Protocols vs rules

Here we make a distinction between protocols, and possible interpretations of ‘rules’.
Updated: 19jul2021
This topic is incomplete, to be expanded xxx, as a commons, operates on a contribution basis, a mutualised practice basis, an in-context, systemic basis. 'Rules ' is not necessarily the most helpful way to express how things are done in this kind of organised social endeavour. Rather, we frame things in terms of protocols that govern . . contributions, practices, actions-in-contexts (ie in commoned spaces), operational venues (Circles), etc.
xxx Ostrom: rules as ‘scientific laws’ of successful commons, as generalised systems. Versus .
xxx Bollier & Helfrich: pattern language as a narrative frame, a ‘scripting-language’, a ‘language-of-action’, a ‘choreography-repertoire’ of commoning; a repertoire for ’singing’ patterns into practice, by a (rehearsed) ‘chorus’ of commoners-with-history and with-mutuality and with-common-means.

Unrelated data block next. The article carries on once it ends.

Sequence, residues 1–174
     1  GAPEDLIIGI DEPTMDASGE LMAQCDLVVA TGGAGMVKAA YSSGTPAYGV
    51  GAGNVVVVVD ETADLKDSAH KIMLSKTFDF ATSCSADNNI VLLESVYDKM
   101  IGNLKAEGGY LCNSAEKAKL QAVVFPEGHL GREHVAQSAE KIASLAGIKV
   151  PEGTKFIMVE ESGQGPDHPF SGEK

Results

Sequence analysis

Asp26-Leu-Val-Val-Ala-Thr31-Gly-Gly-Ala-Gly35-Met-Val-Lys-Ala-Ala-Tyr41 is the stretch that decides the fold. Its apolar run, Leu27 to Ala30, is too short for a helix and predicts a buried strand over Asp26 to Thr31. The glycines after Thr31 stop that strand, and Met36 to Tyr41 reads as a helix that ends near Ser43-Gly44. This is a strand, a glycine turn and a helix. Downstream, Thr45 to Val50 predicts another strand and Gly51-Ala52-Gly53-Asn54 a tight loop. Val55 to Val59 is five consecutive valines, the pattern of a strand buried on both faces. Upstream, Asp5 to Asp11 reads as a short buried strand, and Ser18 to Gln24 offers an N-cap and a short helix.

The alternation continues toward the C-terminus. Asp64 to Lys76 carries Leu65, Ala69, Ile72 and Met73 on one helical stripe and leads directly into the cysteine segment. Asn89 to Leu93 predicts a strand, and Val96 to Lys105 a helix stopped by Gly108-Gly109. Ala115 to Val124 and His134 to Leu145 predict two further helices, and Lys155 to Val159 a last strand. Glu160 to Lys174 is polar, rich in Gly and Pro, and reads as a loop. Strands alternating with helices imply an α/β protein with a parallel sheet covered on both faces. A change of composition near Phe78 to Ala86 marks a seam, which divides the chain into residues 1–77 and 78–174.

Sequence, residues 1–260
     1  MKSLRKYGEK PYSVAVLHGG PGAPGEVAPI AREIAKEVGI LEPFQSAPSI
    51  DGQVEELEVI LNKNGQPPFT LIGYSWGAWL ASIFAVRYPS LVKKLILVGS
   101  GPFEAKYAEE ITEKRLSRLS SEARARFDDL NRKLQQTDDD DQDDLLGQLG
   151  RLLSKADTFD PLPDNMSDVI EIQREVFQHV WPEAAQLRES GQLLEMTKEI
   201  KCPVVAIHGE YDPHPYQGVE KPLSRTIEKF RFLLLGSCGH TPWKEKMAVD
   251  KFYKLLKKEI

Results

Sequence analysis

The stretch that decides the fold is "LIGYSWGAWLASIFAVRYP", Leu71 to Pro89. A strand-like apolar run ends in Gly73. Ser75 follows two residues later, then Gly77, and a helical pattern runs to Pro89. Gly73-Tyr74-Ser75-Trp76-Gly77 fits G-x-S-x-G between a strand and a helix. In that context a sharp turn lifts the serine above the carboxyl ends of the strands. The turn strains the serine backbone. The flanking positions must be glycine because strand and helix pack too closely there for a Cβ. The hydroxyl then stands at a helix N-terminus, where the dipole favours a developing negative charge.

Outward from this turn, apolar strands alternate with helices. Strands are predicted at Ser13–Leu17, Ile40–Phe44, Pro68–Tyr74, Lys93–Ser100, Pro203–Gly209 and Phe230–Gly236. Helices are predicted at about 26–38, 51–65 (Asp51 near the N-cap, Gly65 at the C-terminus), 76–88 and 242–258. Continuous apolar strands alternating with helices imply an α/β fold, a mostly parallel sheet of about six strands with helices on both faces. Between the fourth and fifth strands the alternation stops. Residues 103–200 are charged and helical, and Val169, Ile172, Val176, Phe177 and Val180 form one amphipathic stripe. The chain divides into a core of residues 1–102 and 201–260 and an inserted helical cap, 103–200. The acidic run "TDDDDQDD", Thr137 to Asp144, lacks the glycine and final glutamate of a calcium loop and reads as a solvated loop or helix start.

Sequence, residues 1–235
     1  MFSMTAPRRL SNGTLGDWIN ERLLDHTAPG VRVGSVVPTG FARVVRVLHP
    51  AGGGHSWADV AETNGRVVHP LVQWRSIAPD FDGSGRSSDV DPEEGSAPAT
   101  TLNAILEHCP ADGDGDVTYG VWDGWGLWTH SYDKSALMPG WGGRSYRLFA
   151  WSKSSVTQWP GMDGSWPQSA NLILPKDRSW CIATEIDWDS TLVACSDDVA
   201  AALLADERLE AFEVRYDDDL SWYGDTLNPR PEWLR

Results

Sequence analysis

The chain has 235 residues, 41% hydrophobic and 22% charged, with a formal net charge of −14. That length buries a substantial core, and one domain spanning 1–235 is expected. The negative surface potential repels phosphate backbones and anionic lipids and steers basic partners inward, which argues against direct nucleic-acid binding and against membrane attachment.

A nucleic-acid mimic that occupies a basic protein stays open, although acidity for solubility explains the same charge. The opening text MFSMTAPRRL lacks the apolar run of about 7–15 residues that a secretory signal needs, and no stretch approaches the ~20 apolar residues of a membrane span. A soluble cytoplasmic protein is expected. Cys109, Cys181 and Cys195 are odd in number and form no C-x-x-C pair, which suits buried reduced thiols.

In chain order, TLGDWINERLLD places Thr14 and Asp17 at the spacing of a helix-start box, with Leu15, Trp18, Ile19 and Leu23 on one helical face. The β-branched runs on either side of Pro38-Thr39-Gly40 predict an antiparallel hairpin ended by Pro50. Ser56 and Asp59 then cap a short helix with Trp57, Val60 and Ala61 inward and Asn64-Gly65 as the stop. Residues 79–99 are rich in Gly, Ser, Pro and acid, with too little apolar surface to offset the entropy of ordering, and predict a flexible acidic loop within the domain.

In general, these should not be expected to clash with Ostrom's 'rules'. It's just that they are framed from the standpoint of an in-context, self-organising actor or community of actors, rather than from the externalised 'quasi-objective standpoint of economic or systems 'science'.
The handbook is basically framed in terms of protocols. We regard protocols as being framings of a similar kind to the 'patterns' that Bollier and Helfrich for practices of commoning. They are more locally specific to the particular commons that provisions and stewards, but the way of working with them is basically similar. Protocols are patterns of practice: small pieces of organisatioanl life that give shape, dimension and intention to the commons of digital infrastructure and the multistakeholder practice of commoning.
See also: [Commoning]
More on protocols? Linked to social relations? Linked to political economy? xxx